The controversy over the Williams Governments plan to cut services in Lewisporte continues to escalate, and threatens to leave a stain on the credibility and popularity of this government.
The bizarre thing is, it was all so unnecessary. Government mishandled this file from the beginning, and theyve been lurching ever since from one bad headline to another.
I will explain what should have been done to keep matters from spiraling out of control.
But first, lets look at what government did wrong.
I will not debate the right or wrong of governments decision to phase out services. Lets assume theyve made the decision, for better or for worse, and must now break the news to their constituents through the media, of course.
The first mistake was the press release, issued on Monday, August 31 at 1:45 pm. Thats a good time, by the way it doesnt invite suspicion the way a late Friday release would.
And thats the thing about this release. It goes to great lengths to avoid suspicion; to duck under the radar. VOCM Open Line host Randy Simms was the first media person to pick up on the sneakiness of what was hidden in this release.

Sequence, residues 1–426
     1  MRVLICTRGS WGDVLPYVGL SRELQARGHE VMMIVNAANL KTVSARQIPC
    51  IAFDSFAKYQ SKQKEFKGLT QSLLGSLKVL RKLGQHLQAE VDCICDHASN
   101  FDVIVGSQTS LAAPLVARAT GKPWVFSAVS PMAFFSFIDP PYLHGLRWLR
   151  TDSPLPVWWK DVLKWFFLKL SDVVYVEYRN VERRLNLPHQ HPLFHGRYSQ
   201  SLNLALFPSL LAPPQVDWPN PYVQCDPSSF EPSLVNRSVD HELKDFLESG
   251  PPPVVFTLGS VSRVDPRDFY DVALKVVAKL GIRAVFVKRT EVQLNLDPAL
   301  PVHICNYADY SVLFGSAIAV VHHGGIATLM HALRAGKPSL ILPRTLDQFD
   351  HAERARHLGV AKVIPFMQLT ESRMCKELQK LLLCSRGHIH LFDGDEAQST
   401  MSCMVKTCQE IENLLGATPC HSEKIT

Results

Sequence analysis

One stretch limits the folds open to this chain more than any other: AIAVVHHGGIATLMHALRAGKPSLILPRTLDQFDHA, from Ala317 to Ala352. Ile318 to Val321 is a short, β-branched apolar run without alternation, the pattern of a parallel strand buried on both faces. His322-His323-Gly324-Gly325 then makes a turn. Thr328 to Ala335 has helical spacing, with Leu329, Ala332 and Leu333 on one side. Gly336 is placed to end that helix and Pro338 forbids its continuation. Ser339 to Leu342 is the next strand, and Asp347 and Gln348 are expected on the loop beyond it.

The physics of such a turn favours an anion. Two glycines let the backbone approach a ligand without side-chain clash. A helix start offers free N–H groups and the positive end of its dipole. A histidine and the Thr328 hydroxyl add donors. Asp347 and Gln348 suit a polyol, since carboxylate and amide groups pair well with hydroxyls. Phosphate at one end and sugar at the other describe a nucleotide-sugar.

Lets look at it more closely, and think about how Government broke the news to Lewisporte. My comments will appear in boldface italics.
Province Assessing Laboratory and X-ray Services
(The headline is not alarming, and gives no hint of whats to come)
The Provincial Government has begun an examination on how laboratory and X-ray services are provided and is making changes to streamline and improve services. (This actually sounds positive like they plan to improve services.) Today, the Honourable Paul Oram, Minister of Health and Community Services, announced that as part of this assessment, and recent infrastructure investments, there will be modifications in the future delivery of laboratory and X-ray services in Lewisporte and Flowers Cove. (This almost says something, but there are no alarm bells yet.)